(2.) Larry Alexander, Affirmative Action and Legislative Purpose, 107 YALE L.J. 2679 (1998) (correspondence).
(3.) This triggering function was supposed to be the point of suspect class doctrine, according to which a law singling out (say) blacks for adverse treatment raised so powerful a suspicion of improper purpose that only the most exacting showing of necessity could dispel that suspicion. Today, the Court has in effect made whites a suspect class, without ever acknowledging that this result contradicts everything the Court used to say about the criteria for suspect class status. But Professor Alexander asks why, if a suspicion of improper purpose can arise from "circumstantial evidence," we should ever "resort to artificial evidentiary tests" like strict scrutiny. Id. at 2680. The answer is that the "artificial" test is a sensible judicial means of resolving the suspicion. If a prosecutor has used peremptories to eliminate all black veniremen, a court might demand a special demonstration of necessity as to each strike, setting a standard of review so high that most peremptories could not meet it. The point of this strict scrutiny would not be to permit the state to justify purposeful race-based exclusion. It would be to give the judiciary a practical means to smoke out purposeful race-based exclusion, precisely where the "circumstantial evidence" had raised a sufficiently high degree of suspicion that such purposeful exclusion had taken place.
(4.) Id. at 2680.
(5.) Id. at 2681.
(6.) According to Professor Alexander, my basic position on purpose in equal protection law (i.e., that the unconstitutionality of a law charged with discrimination must turn on the existence of an invidious purpose) does "not square with lots of--I dare say most of--Supreme Court jurisprudence." Id. at 2683. This conclusion would be very surprising if true, given that my position is virtually a quotation from that jurisprudence. Professor Alexander neglects to mention what the Court has repeatedly affirmed: the "basic equal protection principle," Washington v. Davis, 426 U.S. 229, 240 (1976), that "an invidious purpose must be adduced to support a claim of unconstitutionality," City of Mobile v. Boiden, 446 U.S. 55, 63 n. 10 (1980) (plurality opinion). The Court cannot abandon this principle without jeopardizing the entire line of disparate impact cases. Yet, as Alexander agrees, the Court has dishonored this principle in its affirmative action opinions.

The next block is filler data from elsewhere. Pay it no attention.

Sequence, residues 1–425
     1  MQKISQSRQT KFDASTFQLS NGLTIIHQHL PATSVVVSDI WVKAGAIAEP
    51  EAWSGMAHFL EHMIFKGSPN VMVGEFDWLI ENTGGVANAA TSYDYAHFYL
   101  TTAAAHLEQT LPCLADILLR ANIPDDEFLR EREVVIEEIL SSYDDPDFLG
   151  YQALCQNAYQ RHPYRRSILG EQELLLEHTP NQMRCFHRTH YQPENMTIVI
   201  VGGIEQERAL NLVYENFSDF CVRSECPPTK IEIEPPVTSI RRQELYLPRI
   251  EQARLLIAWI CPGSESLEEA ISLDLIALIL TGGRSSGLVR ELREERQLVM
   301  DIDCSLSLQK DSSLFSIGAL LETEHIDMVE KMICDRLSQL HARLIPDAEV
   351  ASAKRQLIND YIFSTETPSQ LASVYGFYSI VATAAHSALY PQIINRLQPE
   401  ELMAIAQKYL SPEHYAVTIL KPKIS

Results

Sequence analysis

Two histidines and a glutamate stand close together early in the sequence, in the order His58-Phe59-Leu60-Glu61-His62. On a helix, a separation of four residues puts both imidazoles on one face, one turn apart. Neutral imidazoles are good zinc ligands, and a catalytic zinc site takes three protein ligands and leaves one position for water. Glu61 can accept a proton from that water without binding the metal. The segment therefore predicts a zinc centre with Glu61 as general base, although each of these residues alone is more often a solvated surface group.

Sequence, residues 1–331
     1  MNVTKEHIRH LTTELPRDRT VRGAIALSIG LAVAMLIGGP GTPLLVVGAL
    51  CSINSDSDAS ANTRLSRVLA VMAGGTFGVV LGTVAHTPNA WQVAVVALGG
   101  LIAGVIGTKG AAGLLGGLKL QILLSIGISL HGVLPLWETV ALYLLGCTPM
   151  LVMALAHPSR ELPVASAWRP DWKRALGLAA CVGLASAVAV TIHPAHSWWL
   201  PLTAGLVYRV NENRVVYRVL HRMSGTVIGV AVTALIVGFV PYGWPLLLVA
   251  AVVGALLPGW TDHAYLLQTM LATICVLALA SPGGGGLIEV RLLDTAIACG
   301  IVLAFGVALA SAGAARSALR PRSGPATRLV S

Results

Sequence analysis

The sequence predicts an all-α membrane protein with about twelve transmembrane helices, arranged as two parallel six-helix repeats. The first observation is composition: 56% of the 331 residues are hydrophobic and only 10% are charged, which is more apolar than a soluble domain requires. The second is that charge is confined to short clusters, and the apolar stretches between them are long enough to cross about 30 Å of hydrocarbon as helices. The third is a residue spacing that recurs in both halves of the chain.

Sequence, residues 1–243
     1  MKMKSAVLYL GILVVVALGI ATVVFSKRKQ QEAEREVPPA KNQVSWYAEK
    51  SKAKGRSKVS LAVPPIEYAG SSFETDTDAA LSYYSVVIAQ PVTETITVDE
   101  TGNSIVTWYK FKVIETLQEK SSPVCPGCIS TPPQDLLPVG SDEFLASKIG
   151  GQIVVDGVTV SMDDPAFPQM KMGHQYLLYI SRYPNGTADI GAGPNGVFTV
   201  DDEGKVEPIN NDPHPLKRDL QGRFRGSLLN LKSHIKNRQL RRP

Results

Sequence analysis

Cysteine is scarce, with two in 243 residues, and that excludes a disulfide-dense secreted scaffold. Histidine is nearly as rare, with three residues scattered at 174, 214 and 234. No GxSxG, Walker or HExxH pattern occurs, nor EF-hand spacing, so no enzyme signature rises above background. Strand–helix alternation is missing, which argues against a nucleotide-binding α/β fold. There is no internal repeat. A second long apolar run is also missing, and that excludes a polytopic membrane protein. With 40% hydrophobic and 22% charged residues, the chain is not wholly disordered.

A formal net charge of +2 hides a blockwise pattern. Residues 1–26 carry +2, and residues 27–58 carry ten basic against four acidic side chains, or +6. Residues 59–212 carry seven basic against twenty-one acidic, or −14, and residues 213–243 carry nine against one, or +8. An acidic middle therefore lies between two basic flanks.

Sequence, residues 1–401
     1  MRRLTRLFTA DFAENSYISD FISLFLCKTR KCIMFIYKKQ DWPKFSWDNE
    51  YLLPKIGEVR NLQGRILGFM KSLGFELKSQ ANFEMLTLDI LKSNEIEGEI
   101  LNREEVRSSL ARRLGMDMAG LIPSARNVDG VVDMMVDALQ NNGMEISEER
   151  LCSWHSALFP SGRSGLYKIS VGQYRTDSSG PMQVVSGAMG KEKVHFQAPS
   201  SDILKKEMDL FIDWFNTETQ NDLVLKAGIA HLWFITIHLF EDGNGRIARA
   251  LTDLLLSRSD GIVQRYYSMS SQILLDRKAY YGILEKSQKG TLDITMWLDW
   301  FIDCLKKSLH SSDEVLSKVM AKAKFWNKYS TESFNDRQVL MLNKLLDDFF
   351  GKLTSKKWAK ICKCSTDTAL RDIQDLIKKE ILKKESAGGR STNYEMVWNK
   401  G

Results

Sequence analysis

(7.) Alexander, supra note 2, at 2683.
(8.) To be sure, if all "we care about" is the effectuation of free-market-social-welfare liberalism, see Alexander, supra note 2, at 2684 & n.20, then we will not "care about" invidious racial purposes as such. The Fourteenth Amendment, however, did not enact Dworkin's Empire or Rawls's Theory. See RONALD DWORKIN, LAW'S EMPIRE (1986); JOHN RAWLS, A THEORY OF JUSTICE (1971). It laid down a commitment whose central meaning is that the nation never again will tolerate any state action deliberately imposing on one race a degraded status or second-class citizenship. Such racial discrimination requires at a minimum a distinction made on account of race, and this on account of is a matter of purpose.
(9.) Alexander, supra note 2, at 2684 n.21.
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|Title Annotation:||response to article by Larry Alexander in this issue, p. 2679|
|Publication:||Yale Law Journal|
|Date:||Jun 1, 1998|